Positron emission tomography (PET) protocol

All PET examinations were performed using an ECAT EXACT HR + scanner (Siemens/CTI, Knoxville, Tennessee). Myocardial metabolic rate of glucose (MMRglu) was measured during a hyperinsulinemic-euglycemic clamp procedure [10], using [18F]-2-fluoro-2-deoxy-D-glucose ([18F]-FDG). After injection of 185 MBq [18F]-FDG, a 60-min dynamic emission scan was acquired.

PET image analysis

PET data were quantitatively reconstructed using filtered back projection after all appropriate corrections. To generate myocardial time-activity curves, regions of interest were defined on resliced LV short-axis (summed) [18F]-FDG images and subsequently projected onto the dynamic images. Regions of interest were drawn as previously described [11], and grouped for further analysis. A separate aorta ascendance region of interest was defined to generate an 18F-FDG image-derived input function. MMRglu was calculated by multiplying the net rate of influx constant of 18F-FDG, Ki, by the mean plasma glucose concentration. Ki was determined using Patlak graphic analysis [12].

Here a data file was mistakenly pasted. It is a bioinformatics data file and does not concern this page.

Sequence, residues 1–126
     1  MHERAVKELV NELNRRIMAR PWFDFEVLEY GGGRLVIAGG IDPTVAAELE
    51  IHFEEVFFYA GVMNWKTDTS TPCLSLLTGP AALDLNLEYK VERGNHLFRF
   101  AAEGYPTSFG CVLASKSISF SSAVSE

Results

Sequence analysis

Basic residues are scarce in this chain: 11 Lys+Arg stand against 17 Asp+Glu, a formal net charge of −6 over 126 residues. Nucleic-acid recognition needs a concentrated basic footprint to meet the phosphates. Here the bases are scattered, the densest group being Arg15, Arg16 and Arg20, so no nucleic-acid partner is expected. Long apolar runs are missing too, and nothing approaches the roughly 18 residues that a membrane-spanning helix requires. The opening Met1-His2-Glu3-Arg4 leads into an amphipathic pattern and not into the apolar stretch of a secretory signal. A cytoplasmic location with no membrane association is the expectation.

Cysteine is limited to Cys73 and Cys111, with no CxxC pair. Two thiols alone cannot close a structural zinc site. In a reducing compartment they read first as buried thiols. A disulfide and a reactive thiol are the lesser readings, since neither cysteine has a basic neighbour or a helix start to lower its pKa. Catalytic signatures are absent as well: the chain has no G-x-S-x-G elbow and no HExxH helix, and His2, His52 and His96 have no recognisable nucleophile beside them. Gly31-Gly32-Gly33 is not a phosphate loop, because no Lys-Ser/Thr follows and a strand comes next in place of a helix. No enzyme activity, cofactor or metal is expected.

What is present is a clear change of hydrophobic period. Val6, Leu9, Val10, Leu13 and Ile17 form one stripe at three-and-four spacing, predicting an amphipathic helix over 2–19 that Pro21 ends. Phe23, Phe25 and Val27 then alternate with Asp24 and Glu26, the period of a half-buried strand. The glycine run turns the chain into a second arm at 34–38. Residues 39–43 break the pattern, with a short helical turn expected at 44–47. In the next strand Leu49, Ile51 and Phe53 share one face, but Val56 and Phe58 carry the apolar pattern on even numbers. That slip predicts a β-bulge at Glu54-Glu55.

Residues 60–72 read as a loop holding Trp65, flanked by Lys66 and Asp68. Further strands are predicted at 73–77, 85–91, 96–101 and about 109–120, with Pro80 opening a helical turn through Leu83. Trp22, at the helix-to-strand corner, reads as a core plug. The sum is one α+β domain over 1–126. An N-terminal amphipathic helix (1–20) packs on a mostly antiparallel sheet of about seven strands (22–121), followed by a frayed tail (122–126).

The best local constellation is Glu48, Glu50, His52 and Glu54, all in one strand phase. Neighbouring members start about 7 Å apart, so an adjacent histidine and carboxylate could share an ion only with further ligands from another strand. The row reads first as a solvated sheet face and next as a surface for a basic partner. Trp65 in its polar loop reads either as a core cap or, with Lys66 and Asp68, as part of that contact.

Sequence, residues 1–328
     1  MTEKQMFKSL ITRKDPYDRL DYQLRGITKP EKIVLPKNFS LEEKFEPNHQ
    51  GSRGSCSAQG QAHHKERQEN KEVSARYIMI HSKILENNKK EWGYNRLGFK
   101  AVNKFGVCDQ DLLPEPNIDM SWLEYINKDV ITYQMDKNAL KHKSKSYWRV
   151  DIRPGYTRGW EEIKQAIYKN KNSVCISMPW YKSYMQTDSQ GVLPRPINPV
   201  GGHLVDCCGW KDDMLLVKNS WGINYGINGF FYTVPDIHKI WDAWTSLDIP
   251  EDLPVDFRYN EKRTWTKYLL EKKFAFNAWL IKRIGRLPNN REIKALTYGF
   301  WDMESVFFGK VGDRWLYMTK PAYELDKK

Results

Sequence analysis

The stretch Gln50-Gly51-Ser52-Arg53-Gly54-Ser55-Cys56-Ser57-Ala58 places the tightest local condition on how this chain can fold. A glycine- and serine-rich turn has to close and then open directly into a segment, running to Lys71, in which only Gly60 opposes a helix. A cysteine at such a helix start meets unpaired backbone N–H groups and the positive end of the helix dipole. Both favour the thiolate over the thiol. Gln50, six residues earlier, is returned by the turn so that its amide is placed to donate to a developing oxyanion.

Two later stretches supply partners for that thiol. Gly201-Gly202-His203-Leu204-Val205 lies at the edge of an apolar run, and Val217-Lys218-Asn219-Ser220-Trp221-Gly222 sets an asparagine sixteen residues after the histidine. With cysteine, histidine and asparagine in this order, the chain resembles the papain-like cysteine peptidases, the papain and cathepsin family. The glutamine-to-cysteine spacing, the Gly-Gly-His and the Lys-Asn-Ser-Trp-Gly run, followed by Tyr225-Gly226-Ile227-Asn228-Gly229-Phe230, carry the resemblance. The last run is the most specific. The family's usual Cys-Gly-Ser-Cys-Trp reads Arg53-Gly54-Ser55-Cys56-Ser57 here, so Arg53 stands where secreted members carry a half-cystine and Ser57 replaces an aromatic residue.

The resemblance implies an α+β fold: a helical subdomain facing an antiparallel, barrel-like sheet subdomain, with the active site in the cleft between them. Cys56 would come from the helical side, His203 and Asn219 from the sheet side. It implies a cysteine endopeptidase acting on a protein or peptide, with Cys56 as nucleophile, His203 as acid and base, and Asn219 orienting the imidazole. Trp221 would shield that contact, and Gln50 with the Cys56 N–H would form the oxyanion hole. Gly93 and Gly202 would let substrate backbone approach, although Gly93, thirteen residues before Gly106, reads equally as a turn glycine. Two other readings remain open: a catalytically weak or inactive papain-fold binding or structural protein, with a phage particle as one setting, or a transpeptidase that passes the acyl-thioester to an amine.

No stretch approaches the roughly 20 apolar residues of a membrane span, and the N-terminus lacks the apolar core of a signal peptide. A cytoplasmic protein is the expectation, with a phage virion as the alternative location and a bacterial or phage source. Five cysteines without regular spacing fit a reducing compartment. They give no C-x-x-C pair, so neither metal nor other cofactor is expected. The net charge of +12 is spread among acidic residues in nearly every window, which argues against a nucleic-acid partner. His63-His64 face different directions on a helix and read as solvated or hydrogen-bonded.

Biochemical analysis

Plasma activin A levels were determined using an Enzyme Linked Immuno Sorbent Assay (R&D systems, Minneapolis, MN, USA). The lower detection limit of the assay was 3.67 pg/mL. The intra- and interassay coefficients of variation were 4.4% and 5.0%, respectively. This assay shows no significant cross-reactivity with activin B and activin C, and 0.45% cross-reactivity with Activin AB, and measures both free and follistatin-bound activin A dimers.